Who’s Afraid of Big Words? by Cher’ley

This blog by Cher’ley  Grogg

When trying to express oneself, it’s frankly quite absurd,
To leaf through lengthy lexicons to find the perfect word.
A little spontaneity keeps conversation keen,
You need to find a way to say, precisely what you mean…

Supercalifragilisticexpialidocious!
Even though the sound of it is something quite atrocious!
If you say it loud enough, you’ll always sound precocious,

Ensemble:
Supercalifragilisticexpialidocious!
Um-diddle-diddle-um-diddleye
Um-diddle-diddle-um-diddleye

 

When writing you have to think about your readers. I used bigger words in “Stamp Out Murder” than I did in “The Secret in Grandma’s Trunk”.  I used a few challenging words that could be figured out by the context in which they were used in both books.

I’ve read some books that I have to keep a dictionary close by and it’s not that enjoyable for me and I’ve heard other people complain when a book has too many “big words”.

So what makes a word “big”? Of course, it depends on who’s doing the reading. Readability studies have been done and it’s been found that most readers, read at a 7.8-grade level.

Some words were invented or coined during the process of writing a novel. One of the words is:  

Serendipity. Horace Walpole author of the first Gothic novel coined the word “serendipity” in the 18th century. It means the “faculty of making happy and unexpected discoveries by accident.” He coined the word in a letter of 1754 when recounting the “silly fairy tale” (“fairy tale” is another term he is credited with inventing) of “The Three Princes of Serendip” (Serendip being a former name for Sri Lanka). We have written about Walpole previously, and in more detail, here.

To find more of these words check out this site: 20 Essential Words we got from Literature.

 

Today is NATIONAL DAY OF UNPLUGGING

The second Friday in March is National Day of Unplugging.  This holiday consists of a 24 hour period from sundown to sundown, to unplug, unwind, relax and do things other than using today’s technology, electronics, and social media.

Since you are here perhaps you should use:

National Get Over It Day - March 9

Just as it sounds. Use this day to “Get Over It”, whatever it is, and you can share this on your media sites.

Back to Words (Just for Fun)

The braggart got in a grueling brawl with the flagrant, capricious bigot concerning the statement of a deceased politician.  Using some vocabulary words from a page listing 7th grade words I made up the above sentence. Now you use this 7th grade vocabulary list to construct a sentence.

Cher’ley’s Books are listed below and on sale at Amazon and local bookstores. 

Stamp Out Murder”.
 The Secret in Grandma’s Trunk” This is an especially good book for your Tween Children and Grandchildren
The JourneyBack 3The Journey Back-One Joy at a Time and the B&W Edition of The Journey Back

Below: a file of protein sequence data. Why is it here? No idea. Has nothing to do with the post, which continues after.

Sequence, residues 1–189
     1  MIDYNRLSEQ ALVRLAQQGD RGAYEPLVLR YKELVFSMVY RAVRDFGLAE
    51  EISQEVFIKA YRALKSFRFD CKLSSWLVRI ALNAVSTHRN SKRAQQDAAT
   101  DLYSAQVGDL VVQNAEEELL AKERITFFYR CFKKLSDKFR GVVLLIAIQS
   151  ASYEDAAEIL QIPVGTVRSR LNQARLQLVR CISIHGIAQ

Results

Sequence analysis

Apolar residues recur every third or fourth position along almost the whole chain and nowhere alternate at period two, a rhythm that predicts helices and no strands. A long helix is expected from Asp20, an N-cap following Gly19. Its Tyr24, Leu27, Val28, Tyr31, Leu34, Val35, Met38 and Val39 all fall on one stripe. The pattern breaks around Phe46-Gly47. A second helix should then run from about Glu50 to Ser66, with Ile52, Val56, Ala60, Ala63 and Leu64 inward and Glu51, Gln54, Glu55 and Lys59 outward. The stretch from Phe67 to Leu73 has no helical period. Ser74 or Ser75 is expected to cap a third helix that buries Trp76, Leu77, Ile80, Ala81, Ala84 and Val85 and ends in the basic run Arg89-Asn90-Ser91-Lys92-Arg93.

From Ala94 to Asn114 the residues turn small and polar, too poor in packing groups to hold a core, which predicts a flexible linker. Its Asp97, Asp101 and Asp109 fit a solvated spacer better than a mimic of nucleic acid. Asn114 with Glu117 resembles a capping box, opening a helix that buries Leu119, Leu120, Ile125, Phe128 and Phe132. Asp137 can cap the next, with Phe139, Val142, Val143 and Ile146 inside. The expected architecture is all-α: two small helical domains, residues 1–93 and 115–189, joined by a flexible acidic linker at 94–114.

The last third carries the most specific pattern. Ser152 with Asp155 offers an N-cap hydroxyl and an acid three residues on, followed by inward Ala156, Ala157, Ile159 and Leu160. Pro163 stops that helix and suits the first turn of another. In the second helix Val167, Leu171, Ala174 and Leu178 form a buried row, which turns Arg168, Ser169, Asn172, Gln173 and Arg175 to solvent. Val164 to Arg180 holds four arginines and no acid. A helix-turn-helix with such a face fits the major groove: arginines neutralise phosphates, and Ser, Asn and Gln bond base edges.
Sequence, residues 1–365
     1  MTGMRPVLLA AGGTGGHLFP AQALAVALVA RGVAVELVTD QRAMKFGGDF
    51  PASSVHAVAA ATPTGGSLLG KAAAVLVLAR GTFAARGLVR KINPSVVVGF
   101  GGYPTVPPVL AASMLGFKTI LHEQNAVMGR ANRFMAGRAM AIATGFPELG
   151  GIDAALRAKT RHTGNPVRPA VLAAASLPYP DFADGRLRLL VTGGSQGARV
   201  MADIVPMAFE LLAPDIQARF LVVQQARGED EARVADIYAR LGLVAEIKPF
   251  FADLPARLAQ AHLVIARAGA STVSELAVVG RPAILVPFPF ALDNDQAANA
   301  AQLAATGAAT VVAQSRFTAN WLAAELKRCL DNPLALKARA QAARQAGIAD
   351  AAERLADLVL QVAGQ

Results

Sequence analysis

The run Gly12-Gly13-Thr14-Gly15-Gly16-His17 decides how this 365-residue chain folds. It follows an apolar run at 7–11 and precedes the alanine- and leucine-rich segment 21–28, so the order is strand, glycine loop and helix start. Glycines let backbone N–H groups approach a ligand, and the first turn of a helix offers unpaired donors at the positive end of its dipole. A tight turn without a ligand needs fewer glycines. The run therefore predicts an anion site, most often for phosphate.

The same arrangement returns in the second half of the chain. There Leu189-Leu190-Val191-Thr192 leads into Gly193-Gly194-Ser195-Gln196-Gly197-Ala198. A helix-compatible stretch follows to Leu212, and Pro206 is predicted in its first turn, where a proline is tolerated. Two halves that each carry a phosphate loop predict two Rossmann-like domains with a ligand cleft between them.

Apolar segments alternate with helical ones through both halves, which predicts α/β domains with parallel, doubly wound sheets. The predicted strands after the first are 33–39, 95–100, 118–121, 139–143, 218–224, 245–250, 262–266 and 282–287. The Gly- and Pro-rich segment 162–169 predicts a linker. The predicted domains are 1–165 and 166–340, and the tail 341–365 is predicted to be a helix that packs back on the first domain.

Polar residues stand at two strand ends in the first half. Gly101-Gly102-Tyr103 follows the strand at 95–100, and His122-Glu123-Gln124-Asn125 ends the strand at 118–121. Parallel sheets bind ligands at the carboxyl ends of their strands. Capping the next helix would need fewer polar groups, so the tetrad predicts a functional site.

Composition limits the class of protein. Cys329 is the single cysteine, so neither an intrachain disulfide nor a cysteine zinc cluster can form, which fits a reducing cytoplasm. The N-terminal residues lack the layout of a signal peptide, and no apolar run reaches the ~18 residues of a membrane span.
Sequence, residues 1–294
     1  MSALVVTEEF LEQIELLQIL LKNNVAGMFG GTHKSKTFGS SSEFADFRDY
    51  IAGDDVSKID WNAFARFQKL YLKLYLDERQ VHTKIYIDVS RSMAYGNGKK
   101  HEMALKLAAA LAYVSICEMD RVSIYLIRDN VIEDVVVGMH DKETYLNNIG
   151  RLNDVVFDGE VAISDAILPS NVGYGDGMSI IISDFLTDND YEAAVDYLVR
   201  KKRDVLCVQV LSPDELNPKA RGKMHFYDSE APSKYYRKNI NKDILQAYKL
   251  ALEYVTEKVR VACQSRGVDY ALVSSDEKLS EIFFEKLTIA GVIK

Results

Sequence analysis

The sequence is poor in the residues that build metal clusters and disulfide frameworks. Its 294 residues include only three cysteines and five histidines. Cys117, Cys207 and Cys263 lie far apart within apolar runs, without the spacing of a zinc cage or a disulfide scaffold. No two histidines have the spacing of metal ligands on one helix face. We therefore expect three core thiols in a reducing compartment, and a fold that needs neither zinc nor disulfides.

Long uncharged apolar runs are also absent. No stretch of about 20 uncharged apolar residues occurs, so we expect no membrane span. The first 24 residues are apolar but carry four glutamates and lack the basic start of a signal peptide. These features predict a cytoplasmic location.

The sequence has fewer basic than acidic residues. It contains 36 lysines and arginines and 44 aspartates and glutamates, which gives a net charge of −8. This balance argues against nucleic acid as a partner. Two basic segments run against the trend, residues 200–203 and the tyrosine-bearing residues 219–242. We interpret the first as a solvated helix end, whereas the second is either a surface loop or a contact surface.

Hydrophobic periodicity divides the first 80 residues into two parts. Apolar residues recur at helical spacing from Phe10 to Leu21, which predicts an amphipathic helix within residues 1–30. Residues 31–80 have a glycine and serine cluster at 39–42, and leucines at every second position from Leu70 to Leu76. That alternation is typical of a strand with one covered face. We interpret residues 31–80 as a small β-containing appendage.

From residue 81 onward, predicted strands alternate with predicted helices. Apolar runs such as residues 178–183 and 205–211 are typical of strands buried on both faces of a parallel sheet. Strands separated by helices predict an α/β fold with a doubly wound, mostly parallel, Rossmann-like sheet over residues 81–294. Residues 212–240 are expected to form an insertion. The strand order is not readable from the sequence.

Boys Will Be Boys   The Joys and Terrors of Raising Boys-An Anthology
 Cowboys, Creatures, and Calico 

All About the Girls 5(3)

    Image may contain: 2 people   please join me on my Facebook Fanpage that’s managed by one of my most faithful fans: Cindy Ferrell

Here’s a link to Cher’ley’s WEBSITE 

 Song source: Mary Poppins song   

 

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15 thoughts on “Who’s Afraid of Big Words? by Cher’ley

  1. I rarely use a dictionary when I read. I decide what a word means by its context. Just laziness. Later, when I want to use it, I look it up to make sure I’m right. I’m usually in the ballpark.

    Now I’ll be singing that song all day. Yesterday it was “Bringing in the Sheaves.” I have no idea why.

    A capricious politician’s brawl with a flagrant braggart ended in the decease of both, followed by outrageous statements made in grueling sermons at the funerals of both the aforementioned. / I made minor alterations in of some words and added a few as well. I hope that’s acceptable. If it’s not, get over it.

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  2. Thanks for the video. Mary Poppins was one of my favorite movies when I was a kid, and this brought back memories. In my writing, I prefer to use words most readers will understand. It’s no fun reading a book when you have to stop and look up a word, and in my opinion, people aren’t as likely to buy a book by an author who uses a lot of unfamiliar words.

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  3. When I was doing my stint as a weekly newspaper reporter just before retiring, I interviewed a junior high book club studying a fantasy book as an effort to make reading enjoyable for kids who did little reading. When they ran across a bigger word that had trouble pronouncing and understanding, the adviser would have them debate the meaning, and usually they could figure it out via context.

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  4. Interesting. I don’t mind one or two words I have to look up, but sometimes never get them looked up. I try to remember my audience age/ability level when writing, and also, make it easy as that is the trend whether reading or working now I think. Great blog Cher’ley.

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  5. A former member of a writing group I attended use to make up words, large words. It really detracted from the story. Large words scattered a few places in a book don’t distract me from the story unless they are prolific. To many of them simply makes me loose interest.

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